British Columbia and the “Must Innovate” Scenario
British Columbia is in a period of intense change and transition in cleantech. Not only are we reacting to an unprecedented modern pandemic in a time of climate crisis, but multiple economic trends are converging at once, new technological advances and business opportunities are announced daily, and action-focused roadmaps detailing rapid transition into a low-carbon economy are being developed across multiple sectors of our economy.
These external pressures, along with converging market forces and the short timeframe we have for meeting climate goals are putting the province in a risky ‘must innovate’ situation. If we are to meet climate goals, both in BC and across Canada, then we will need to live and breathe innovation.
And that’s not easy – the recently published CORE Cleantech Cluster roadmap landscape reports describe multiple areas and sectors where large scale change is happening and disruption is inevitable.
Reducing Risk by Working Together (and Strategically)
Innovation is essential to reaching climate goals and maintaining a competitive position locally and globally, but in order to reduce this system-wide risk, it must occur within a carefully constructed strategic framework.
Not having a big picture innovation process could lead to too much change happening too quickly, which usually leads to wasted money and lost opportunities. There must be a clear and singular vision that drives a concerted and coordinated effort across the entire “Helix-5” of BC’s cleantech ecosystem – small/medium sized enterprises, government, large industry, academia and investors.
Organizations and leaders in BC across the Helix-5 have recognized that, and have contributed to the recently published CORE Cleantech Cluster Strategy framework for encouraging and supporting innovation in the context of the low-carbon economy and achieving CleanBC goals.
BC’s CORE Cleantech Cluster: Shortening Innovation Cycles
The BC CORE Cleantech Cluster strategy outlines a framework for the entire province to start living and breathing innovation as it moves into action around climate change, energizes its cleantech sector and stakes its claim as a serious competitor in the global cleantech market (estimated at $2.5 trillion USD by 2022).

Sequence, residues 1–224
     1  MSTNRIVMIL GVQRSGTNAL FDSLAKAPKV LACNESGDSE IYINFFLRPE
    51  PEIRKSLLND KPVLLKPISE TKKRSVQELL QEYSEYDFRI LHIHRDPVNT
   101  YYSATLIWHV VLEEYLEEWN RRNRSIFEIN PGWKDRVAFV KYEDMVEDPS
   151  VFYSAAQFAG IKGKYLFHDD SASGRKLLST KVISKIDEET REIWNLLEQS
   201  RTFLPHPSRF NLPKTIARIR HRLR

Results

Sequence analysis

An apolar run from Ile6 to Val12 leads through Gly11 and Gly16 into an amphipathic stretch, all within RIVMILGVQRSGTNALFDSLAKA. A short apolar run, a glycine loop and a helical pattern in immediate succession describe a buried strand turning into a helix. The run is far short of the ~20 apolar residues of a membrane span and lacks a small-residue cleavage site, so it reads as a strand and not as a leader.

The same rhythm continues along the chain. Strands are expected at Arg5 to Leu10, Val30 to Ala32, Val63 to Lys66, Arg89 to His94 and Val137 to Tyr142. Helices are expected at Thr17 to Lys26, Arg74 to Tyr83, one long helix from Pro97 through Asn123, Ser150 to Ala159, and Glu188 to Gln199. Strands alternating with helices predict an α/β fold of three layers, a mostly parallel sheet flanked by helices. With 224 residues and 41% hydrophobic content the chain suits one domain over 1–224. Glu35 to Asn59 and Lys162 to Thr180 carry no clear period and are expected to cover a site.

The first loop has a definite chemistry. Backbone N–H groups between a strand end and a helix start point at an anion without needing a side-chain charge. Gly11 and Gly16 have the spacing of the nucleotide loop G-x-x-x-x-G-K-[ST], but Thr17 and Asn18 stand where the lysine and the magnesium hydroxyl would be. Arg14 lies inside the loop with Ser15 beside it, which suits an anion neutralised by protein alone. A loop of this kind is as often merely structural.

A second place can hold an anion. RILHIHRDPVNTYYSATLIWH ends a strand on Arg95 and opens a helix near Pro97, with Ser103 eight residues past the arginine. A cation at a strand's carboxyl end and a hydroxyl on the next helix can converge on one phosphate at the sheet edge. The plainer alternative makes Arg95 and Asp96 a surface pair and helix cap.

Let’s take a look at the top 3 ways cluster organizations shorten innovation cycles:
- Industrial Challenges – From the Grand Energy Storage Challenge issued by the US Dept of Energy to find energy storage solutions, to the Sustainable Industry Challenge in the Netherlands, and Foresight’s recently launched Recyclable Wind Turbine Challenge, countries and organizations around the world are developing challenge programs that bring scale-ups and large businesses together to make deals and solve industry challenges. A cluster organization is able to mobilize its strategic networks in support of these targeted industrial challenges that are designed to fast-track the adoption, scaleup, investments and exports for companies.Facilitating industrial challenges and tying them into strategic funding opportunities has been a remarkably successful approach to driving innovation in a region. Foresight’s recently completed ARCTIC challenge series has helped reduce over a million tonnes of GHG emissions per year while generating nearly $700 million in economic activity.
- Strengthening Relationships & Partnerships with Academia: A cluster organization supports activities and programs that encourage partnerships between academia, SMEs and industry on targeted R&D that is aligned with the overall strategic framework. Connecting academia into cluster programming also fosters talent development, improves workforce planning, and embeds a culture of entrepreneurship and innovation at the academic level.
- Expanding Global & Pan-Canadian Opportunities – Innovation, especially large scale innovation, requires partnerships and export development. Cluster organizations use targeted programs and engagement initiatives to close regional, national, and international communications and networking gaps that exist among economic development agencies and organizations.
The future economy in action is an innovation economy.
Canadian climate goals are ambitious, large in scale, and looming on the horizon – cluster organizations like BC’s CORE Cleantech Cluster bring together the whole ecosystem – scientists, innovators, entrepreneurs, industry, educators and policy decision-makers – to foster green, smart economic development and shorten innovation cycles.
“Research demonstrates that regional economies with strong clusters have higher levels of innovation, more patents, more entrepreneurship, more successful start-ups, higher export and economy, higher wages and better productivity. Regions with strong clusters are particularly successful in attracting new investment and attracting talent”
Interested in joining the CORE BC Cleantech Cluster? Get involved.